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Neanderthals: larger eyes and smaller brains?
A new comparison with Homo sapiens
Neanderthals and fossil Homo sapiens living at the same time had equal brain volume. A new study shows, though, that Neanderthals had larger eye sockets – and a larger brain area devoted to sight – than in modern humans. When the larger visual system is subtracted from total brain size, our extinct cousins actually had a smaller rest of the brain than did fossil Homo sapiens.
In living primates, the brain’s visual system corresponds to the size of the eye socket. Calculating brain size in fossil humans with this information, the remaining brain area in Neanderthals was about 15% smaller than in fossil modern humans. According to the researchers, this difference may relate to greater social complexity in Homo sapiens – potentially an important distinction between the two species, who co-existed 200,000 to 30,000 years ago.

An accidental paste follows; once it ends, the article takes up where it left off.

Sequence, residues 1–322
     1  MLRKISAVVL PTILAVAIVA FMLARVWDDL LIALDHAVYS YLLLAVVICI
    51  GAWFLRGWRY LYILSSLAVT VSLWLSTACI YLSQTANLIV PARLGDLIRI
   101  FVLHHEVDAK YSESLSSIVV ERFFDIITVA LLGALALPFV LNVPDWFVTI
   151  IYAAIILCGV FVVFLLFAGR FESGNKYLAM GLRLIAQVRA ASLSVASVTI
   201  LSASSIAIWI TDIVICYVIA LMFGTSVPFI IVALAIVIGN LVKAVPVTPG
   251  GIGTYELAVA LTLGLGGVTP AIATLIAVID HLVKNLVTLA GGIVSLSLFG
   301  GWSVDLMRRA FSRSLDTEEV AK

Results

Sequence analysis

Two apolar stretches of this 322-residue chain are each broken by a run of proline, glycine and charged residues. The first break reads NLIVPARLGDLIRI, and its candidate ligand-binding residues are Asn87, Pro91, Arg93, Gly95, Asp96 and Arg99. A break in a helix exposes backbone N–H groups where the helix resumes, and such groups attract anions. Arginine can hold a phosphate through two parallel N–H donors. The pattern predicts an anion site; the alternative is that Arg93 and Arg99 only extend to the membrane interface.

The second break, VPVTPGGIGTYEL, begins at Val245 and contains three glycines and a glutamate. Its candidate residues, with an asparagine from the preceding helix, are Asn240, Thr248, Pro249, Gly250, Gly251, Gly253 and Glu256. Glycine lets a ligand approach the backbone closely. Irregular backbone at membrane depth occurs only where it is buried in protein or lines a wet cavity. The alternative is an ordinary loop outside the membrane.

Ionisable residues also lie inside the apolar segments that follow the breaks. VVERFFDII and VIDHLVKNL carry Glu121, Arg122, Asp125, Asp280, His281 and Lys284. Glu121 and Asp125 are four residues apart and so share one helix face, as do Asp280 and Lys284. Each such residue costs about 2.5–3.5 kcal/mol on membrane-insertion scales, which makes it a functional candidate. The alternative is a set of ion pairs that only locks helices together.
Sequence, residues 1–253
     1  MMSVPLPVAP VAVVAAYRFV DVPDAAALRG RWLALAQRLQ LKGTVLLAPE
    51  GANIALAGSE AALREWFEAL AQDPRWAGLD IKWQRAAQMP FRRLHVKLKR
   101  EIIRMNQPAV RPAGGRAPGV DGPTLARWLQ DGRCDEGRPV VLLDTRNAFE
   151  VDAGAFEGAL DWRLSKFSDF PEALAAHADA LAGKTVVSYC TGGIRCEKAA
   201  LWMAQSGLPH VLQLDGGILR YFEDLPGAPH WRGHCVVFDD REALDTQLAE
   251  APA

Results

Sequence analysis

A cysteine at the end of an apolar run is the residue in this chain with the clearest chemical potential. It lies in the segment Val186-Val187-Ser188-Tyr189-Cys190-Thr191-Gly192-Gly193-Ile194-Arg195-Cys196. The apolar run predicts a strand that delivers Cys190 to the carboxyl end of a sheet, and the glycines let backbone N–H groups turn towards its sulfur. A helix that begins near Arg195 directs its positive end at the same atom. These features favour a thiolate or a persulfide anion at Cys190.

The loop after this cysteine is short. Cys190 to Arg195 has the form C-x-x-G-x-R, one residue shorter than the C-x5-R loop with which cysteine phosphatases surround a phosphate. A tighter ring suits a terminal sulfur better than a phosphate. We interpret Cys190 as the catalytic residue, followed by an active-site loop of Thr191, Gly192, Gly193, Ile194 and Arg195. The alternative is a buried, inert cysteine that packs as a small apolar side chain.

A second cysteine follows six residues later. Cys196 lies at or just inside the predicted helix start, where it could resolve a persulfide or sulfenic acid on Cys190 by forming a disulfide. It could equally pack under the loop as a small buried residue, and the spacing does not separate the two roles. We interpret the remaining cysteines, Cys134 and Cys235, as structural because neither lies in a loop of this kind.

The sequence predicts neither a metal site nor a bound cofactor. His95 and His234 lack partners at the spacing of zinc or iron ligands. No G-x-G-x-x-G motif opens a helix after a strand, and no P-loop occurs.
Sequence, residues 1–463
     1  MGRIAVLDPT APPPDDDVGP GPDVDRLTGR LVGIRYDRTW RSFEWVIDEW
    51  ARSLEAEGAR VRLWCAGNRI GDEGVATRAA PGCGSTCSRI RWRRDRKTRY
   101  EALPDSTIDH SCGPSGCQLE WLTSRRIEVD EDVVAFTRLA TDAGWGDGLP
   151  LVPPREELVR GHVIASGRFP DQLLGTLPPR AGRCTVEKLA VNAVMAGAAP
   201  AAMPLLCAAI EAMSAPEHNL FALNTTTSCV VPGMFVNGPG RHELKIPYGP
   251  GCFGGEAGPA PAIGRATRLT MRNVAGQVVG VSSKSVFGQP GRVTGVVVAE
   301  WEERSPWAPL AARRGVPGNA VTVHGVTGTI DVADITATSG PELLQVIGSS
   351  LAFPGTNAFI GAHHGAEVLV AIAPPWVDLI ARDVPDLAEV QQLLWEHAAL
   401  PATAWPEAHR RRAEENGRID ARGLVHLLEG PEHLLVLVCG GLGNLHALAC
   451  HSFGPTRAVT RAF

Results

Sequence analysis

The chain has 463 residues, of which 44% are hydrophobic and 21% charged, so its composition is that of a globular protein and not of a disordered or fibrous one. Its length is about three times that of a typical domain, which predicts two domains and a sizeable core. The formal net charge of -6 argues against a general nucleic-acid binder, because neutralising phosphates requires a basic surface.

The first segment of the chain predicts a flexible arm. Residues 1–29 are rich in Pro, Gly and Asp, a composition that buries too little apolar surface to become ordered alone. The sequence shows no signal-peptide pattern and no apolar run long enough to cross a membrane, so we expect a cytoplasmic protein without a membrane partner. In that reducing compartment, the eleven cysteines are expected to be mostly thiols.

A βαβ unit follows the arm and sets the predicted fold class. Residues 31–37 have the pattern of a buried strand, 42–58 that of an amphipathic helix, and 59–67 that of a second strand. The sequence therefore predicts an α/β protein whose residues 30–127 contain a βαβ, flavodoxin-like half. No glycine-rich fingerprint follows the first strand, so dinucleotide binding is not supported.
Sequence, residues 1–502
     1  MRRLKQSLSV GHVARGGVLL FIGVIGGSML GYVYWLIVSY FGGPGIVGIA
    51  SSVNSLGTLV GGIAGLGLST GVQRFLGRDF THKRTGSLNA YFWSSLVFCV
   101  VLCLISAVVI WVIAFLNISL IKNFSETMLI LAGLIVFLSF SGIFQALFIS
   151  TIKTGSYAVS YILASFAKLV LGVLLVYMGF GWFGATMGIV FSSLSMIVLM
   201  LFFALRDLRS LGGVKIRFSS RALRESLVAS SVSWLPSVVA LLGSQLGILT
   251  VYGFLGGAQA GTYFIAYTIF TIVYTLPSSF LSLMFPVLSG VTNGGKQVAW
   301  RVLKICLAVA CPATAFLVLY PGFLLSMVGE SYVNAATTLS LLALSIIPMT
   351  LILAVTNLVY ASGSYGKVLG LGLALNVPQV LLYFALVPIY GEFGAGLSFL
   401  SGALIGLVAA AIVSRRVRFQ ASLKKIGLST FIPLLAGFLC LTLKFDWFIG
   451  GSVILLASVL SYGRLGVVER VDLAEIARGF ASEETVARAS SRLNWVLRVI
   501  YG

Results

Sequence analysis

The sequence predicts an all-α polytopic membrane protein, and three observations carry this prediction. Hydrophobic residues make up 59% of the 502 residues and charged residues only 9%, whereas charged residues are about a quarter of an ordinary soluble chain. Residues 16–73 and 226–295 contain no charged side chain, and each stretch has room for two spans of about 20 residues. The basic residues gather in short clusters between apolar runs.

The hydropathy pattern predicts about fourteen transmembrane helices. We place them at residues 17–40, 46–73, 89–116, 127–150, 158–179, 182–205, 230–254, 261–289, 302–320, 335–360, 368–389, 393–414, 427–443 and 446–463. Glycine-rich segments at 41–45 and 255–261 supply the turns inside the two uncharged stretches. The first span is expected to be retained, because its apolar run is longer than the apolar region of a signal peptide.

This research, led by E. Pearce of the University of Oxford, England, was published in Proceedings of the Royal Society B, March 13, 2013.
Image below: Homo sapiens (Cro-Magnon, left) and Homo neanderthalensis (Amud, right): Despite having the same total brain volume, the large eyes of Neanderthals suggest that less of the brain focused on other mental tasks.
Pearce, E., Stringer, C., Dunbar, R.I.M., 2013. New insights into differences in brain organization between Neanderthals and anatomically modern humans. Proceedings of the Royal Society B 280, 20130168, doi:10.1098/rspb.2013.0168